There is another method that a Stored Cross Site Scripting vulnerability could be executed. If a database is shared with other applications, be warned, another application could stored a cross site scripting attack and your application could use the same content. If you have no ability to test or verify that the data stored by the other application is validated, then remember your application must validate the output of the message. If the application does not validate the output then even though you have validated your input, your application could still be vulnerable.

Remember to always check all methods that data could be stored and retrieved. Just because input is validated, does not mean that some other method or application could store malicious data which your application could recall.

How to test for XSS Injection vulnerabilities

You can determine if a web-based application is vulnerable to XSS attacks very easily. A simple easy test is to take a current parameter that is sent in the HTTP GET request and modify it. Take for example the following request in the browser address URL bar. This url will take a name parameter that you enter in a textbox and print something on the page. Like "Hello George, thank you for coming to my site"

http://www.yoursite.com/index.html?name=george

And modify it so that add an extra some additional information to the parameter. For example try entering something similar to the following request in the browser address URL bar.

http://www.yoursite.com/index.html?name=<script>alert('You just found a XSS vulnerability')</script>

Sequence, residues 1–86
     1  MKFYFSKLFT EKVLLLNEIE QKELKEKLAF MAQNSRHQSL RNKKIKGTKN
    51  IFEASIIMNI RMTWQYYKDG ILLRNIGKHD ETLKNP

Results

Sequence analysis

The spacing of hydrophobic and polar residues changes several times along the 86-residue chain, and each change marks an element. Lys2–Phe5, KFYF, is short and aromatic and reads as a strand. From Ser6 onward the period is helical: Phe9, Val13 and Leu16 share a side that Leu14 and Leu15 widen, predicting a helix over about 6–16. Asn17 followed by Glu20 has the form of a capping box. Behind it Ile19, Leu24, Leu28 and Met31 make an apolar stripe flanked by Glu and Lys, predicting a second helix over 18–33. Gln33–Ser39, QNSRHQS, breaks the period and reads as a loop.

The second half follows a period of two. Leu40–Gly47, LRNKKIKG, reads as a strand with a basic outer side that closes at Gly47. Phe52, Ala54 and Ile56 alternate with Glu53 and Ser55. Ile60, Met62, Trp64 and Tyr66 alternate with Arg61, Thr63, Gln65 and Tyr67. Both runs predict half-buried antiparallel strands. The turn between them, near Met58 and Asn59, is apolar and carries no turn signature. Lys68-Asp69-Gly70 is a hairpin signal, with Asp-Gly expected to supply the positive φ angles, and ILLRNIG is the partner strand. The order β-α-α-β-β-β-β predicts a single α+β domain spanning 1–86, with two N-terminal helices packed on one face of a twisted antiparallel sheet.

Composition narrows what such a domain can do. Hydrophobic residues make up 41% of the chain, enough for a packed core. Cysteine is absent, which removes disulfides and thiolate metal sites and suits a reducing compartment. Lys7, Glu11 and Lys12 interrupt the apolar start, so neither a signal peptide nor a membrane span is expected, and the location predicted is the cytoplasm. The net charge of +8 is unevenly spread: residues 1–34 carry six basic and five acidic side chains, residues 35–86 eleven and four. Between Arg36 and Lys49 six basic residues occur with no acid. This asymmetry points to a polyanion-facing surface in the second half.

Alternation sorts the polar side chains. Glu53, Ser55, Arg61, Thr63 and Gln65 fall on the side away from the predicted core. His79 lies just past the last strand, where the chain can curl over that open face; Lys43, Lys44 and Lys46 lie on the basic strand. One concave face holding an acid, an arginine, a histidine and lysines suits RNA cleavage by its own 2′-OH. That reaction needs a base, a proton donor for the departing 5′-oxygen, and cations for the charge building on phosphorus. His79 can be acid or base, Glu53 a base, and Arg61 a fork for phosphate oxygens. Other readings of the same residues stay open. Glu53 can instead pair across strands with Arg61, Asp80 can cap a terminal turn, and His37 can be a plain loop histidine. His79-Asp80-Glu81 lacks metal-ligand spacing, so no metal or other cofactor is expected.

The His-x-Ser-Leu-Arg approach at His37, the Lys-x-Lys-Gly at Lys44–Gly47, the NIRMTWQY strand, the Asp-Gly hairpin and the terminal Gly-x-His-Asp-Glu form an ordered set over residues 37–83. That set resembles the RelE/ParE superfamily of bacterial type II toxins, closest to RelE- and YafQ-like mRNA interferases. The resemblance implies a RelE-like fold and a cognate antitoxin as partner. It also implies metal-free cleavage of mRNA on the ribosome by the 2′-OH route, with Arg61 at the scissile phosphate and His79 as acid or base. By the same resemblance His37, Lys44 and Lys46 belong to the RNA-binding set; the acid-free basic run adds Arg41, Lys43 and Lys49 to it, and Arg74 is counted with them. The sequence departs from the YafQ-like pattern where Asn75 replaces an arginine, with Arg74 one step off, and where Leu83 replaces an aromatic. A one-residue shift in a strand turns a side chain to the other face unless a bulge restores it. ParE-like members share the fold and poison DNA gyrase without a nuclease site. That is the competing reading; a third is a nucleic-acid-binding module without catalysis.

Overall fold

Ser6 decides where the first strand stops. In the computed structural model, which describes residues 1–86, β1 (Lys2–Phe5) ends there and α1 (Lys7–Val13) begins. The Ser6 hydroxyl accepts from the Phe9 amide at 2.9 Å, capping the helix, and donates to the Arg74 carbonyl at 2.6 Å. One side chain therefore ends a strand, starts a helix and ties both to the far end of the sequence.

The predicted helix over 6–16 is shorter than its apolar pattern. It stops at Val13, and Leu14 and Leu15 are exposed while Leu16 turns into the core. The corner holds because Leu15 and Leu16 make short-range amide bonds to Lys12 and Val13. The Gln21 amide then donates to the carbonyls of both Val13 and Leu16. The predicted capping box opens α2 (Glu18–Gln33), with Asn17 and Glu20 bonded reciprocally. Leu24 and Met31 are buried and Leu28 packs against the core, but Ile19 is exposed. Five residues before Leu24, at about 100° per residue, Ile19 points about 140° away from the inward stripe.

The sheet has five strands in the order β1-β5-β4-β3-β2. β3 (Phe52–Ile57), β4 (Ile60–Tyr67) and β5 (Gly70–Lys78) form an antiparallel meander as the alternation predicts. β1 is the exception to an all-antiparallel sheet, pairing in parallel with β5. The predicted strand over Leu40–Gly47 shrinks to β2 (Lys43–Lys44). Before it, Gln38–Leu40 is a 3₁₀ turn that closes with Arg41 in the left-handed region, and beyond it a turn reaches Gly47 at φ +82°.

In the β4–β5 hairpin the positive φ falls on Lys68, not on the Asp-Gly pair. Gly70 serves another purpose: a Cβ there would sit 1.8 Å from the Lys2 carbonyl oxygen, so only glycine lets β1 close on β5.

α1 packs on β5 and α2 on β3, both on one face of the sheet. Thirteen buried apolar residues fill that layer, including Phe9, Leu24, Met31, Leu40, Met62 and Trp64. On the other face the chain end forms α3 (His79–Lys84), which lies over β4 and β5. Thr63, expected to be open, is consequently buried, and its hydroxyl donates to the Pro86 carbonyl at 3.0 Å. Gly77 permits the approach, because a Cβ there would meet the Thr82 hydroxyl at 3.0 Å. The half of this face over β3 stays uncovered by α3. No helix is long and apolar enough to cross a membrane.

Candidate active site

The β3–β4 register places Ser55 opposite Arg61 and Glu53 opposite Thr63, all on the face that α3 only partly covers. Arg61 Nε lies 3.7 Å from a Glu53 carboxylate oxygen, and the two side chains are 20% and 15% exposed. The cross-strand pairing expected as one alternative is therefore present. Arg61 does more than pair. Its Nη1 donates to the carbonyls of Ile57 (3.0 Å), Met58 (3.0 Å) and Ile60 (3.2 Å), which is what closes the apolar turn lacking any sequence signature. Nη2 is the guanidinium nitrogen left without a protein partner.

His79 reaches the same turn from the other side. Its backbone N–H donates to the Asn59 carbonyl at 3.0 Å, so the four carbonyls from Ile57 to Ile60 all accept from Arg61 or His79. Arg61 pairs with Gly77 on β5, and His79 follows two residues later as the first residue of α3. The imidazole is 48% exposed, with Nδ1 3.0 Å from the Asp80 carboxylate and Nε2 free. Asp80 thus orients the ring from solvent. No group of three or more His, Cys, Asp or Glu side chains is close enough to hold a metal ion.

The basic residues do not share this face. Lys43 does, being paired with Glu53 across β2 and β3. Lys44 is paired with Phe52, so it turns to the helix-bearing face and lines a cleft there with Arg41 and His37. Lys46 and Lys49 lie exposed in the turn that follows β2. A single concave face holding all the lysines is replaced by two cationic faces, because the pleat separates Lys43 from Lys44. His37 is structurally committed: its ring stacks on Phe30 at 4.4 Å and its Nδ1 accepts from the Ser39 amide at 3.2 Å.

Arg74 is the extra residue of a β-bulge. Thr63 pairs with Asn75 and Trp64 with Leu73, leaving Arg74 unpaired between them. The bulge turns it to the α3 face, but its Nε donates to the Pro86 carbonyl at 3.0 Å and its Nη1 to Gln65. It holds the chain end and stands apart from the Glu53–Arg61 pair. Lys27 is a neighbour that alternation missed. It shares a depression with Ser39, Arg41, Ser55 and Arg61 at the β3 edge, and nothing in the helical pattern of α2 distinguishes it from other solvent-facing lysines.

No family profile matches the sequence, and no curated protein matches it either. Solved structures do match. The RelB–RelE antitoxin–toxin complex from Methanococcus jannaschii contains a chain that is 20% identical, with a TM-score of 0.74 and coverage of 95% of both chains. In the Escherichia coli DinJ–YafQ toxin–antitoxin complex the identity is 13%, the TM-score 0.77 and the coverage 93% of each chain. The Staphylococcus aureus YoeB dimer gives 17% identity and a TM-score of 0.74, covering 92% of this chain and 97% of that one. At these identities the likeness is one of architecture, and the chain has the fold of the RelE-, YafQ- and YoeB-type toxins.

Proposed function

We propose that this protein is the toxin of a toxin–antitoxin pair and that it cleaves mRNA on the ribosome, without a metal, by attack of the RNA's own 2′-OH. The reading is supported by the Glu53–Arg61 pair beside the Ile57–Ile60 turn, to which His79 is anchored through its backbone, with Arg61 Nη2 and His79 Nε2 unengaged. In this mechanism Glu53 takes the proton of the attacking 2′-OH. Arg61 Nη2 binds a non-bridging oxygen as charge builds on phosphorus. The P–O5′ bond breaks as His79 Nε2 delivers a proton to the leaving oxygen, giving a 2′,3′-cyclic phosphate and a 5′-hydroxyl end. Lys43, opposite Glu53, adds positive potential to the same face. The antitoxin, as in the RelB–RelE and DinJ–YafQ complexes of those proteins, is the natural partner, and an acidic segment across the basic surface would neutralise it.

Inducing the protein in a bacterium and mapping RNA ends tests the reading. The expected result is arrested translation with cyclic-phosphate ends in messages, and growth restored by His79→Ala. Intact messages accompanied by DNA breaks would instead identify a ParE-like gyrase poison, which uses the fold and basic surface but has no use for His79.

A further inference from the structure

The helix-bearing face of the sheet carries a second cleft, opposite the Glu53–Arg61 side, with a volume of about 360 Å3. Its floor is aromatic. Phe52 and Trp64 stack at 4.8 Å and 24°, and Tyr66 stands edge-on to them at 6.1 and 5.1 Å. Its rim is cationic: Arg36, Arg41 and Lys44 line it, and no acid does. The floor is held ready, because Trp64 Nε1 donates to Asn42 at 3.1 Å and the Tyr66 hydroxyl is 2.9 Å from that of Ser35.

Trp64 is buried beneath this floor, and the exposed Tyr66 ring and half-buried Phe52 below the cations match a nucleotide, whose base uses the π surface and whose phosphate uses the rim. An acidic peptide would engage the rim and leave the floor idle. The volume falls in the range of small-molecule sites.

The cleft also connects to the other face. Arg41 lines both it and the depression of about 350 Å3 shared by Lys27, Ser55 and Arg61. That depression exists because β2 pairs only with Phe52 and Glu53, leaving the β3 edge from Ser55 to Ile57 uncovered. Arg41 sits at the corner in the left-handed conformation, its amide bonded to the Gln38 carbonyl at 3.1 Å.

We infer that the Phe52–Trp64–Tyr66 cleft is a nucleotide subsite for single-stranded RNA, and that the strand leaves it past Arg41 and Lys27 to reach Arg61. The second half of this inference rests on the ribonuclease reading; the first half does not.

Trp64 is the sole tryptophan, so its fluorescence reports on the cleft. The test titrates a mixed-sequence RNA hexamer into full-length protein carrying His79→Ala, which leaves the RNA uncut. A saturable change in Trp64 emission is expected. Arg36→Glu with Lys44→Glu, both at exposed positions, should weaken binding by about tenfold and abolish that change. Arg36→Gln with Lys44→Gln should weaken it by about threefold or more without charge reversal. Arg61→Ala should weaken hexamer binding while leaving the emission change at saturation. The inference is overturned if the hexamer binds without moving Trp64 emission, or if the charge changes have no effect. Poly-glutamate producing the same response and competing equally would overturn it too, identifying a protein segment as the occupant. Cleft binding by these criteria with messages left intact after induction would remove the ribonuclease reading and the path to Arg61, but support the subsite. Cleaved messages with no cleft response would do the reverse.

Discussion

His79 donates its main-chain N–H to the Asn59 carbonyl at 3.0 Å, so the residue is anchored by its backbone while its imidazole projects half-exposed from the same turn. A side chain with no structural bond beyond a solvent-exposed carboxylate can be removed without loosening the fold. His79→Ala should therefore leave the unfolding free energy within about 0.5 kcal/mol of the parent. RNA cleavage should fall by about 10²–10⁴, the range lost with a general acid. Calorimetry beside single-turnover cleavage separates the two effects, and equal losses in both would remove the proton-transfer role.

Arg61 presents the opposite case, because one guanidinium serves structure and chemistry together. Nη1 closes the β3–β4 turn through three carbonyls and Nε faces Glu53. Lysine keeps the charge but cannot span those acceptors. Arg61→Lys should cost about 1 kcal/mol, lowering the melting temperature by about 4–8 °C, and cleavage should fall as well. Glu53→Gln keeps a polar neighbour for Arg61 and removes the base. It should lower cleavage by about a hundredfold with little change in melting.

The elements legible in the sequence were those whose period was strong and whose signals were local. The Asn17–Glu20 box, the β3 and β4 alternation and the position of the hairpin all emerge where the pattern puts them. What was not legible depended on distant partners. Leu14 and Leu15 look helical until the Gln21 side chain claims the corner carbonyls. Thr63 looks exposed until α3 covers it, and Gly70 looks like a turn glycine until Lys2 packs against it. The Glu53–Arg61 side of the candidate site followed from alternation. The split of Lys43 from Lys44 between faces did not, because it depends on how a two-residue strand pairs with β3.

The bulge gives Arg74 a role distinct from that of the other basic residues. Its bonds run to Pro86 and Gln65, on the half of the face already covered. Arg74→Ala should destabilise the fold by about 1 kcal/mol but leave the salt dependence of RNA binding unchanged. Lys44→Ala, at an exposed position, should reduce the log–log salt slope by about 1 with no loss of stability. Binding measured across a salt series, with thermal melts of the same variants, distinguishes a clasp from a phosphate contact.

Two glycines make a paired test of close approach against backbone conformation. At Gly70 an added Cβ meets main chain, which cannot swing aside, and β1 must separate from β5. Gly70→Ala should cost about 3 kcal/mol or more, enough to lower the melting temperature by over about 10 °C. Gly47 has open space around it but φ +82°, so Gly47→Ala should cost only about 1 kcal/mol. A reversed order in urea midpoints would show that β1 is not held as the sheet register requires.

If this pops up an alert message box stating "You just found a XSS vulnerability", then you know this parameter is vulnerable to XSS attacks. The parameter name is not being validating, it is allowing anything to be processed as a name, including a malicious script that is injected into the parameter passed in. Basically what is occurring is normally where the name George would be entered on the page the </script></script> message is instead being written to the dynamic page. The alert message just is an example of how to test for the XSS vulnerability. A malicious hacker would be much more devious to this type of security vulnerability.

There are many, many different methods to test for XSS vulnerabilities. This only describes a few of the different methods to test for a XSS vulnerability.

How do you fix XSS vulnerabilities?

Input Validation is very important. (Seems like a theme here) The developer needs to validate the input as it's coming in. But additionally the output needs to be verified. The output should be correctly html encoded. If the output is correctly encoded, then instead of executed the <script></script> tags, they would be html encoded and not cause the vulnerability